I went on my mission because I knew it was what I needed to do--not because it was expected of me. I didn't go until about a year and a half after I was eligible to do so because I'd never planned on going on a mission. But, once the pressure was taken off of me (I think people gave up on me and wrote me off as a lost cause when my 20th birthday came along and I was still at home in college), I was able to really seek out answers. I not only gained a testimony, but then I knew I couldn't not go on a mission. I was so excited for it, and to this day I consider it a great honor that I was able to serve. That doesn't mean it was any easier when I got on my mission and realized I was still human. And, not only that, but so were the other missionaries. Some did better at others at masking their disdain over a person whom they saw as a closeted gay missionary, but even then it wasn't a big secret that comments were made. One companion in particular was so horrible that I went into a deep depression that took a long time to emerge from. Trying to do the Lord's work alongside someone who has called you a "fag" and "queer" isn't an easy task. But, I got through it. And, despite the challenges, still had an enjoyable time overall.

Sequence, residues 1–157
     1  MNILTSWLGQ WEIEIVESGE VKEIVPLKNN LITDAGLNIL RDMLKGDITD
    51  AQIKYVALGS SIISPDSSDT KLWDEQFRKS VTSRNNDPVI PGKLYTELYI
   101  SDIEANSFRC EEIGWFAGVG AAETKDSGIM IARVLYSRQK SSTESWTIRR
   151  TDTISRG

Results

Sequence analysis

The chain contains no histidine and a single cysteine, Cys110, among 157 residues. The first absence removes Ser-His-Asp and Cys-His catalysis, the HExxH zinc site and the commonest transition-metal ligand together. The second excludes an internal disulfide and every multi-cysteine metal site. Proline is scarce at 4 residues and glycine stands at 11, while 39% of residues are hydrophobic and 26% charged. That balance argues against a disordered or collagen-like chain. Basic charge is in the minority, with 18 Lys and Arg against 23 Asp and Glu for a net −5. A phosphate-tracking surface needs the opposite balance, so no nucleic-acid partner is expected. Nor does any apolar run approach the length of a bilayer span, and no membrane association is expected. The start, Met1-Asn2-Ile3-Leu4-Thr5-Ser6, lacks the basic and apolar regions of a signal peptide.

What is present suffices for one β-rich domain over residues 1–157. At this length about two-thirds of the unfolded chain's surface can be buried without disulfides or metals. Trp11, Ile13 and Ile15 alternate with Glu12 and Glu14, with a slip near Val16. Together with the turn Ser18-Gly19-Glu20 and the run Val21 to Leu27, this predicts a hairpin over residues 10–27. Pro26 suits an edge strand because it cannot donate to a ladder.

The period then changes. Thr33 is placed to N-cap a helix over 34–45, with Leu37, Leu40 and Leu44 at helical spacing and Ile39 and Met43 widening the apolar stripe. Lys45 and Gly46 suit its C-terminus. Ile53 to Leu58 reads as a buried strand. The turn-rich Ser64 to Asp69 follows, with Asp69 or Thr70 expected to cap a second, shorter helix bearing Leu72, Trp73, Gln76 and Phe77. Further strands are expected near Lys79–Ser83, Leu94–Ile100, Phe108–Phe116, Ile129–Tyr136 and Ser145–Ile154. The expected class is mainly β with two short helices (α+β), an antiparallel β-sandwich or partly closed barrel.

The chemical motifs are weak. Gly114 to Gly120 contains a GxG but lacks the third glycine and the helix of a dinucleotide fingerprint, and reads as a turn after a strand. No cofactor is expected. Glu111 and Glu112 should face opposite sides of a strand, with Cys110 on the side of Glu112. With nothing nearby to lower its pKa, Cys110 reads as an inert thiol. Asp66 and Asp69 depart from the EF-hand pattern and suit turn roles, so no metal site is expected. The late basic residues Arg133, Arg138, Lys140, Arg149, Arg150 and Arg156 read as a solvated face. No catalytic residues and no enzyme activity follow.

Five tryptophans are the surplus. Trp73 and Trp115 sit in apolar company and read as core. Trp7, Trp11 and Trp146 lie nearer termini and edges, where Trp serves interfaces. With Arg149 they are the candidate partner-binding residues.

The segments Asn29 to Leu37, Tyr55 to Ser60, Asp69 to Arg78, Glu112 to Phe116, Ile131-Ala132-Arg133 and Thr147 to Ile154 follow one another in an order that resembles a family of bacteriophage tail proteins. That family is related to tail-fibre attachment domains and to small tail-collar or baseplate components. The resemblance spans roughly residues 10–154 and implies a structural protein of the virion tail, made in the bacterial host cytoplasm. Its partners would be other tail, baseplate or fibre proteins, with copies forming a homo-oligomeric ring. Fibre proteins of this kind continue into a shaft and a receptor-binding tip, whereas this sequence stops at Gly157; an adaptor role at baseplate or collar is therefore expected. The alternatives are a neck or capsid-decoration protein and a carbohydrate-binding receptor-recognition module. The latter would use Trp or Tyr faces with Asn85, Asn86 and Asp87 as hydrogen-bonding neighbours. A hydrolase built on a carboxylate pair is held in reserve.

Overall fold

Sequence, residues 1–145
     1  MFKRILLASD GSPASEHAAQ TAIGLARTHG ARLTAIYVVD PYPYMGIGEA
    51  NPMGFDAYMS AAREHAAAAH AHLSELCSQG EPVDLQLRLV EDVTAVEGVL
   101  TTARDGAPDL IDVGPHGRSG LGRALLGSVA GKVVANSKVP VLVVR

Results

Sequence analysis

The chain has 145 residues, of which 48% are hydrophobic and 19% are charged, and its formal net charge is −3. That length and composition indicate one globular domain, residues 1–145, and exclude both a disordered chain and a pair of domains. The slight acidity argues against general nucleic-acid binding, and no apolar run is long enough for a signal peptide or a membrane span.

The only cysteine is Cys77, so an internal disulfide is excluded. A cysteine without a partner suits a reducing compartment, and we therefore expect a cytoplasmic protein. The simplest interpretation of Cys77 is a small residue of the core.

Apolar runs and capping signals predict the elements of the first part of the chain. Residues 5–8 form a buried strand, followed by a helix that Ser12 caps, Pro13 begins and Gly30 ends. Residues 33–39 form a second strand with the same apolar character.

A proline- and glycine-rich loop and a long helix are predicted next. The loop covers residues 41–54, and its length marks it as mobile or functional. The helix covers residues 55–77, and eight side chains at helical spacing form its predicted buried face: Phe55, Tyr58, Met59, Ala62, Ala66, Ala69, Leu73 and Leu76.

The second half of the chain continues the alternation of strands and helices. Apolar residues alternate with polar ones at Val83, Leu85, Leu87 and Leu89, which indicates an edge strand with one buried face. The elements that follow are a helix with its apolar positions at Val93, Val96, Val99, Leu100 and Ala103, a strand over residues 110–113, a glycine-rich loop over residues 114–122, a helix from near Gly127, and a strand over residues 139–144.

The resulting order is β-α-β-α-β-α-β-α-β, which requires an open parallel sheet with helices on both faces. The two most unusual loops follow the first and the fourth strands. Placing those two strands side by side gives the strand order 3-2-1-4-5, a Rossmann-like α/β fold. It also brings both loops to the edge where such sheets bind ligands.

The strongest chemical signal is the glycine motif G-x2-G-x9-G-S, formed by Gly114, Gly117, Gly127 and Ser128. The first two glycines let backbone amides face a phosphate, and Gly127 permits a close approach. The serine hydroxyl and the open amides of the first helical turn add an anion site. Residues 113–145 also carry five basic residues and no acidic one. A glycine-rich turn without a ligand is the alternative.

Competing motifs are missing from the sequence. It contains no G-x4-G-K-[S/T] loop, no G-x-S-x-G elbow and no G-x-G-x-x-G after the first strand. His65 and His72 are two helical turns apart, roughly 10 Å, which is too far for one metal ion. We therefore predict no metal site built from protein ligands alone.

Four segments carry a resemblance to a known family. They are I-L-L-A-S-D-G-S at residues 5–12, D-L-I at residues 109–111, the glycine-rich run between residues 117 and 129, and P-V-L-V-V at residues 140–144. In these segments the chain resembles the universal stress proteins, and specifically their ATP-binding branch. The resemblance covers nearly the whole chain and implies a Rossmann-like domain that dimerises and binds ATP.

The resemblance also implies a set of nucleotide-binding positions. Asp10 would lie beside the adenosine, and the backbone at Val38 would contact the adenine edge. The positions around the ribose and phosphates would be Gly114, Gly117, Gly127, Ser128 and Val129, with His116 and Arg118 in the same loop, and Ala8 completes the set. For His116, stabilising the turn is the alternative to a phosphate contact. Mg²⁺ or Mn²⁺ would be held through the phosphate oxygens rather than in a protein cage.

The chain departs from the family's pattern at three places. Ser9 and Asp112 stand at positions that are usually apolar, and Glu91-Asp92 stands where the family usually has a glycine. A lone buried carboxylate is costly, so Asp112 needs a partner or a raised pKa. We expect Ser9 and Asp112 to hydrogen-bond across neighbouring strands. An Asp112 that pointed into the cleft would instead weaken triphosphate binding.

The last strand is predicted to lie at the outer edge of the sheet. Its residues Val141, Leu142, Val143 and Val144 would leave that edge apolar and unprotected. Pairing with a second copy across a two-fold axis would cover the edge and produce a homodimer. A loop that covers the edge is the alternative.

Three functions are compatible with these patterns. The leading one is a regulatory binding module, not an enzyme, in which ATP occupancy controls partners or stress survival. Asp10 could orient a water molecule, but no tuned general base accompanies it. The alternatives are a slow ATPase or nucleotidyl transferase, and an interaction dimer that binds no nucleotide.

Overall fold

But, now that I was back home and still struggling, I finally decided that I needed to get help. I spoke to my bishop, who actually laughed when I told him I was afraid I was gay. He wasn't laughing at me; he was laughing at the idea of it. There's no way I was gay, he said. Me--the recently returned missionary who was traveling throughout the stake to give talk after talk at the request of the stake presidency who, for some reason, thought that of all people I had some ability to connect with congregations & enlighten them spiritually. It just wasn't possible. He said that almost every guy is curious at one point or another, so that must just be it. But, I knew that wasn't it. I was very frustrated that, while my bishop gave a loving attempt at reassurance, I still had no answers. I'd opened myself up to him more than I ever had anyone else, and yet--no answers.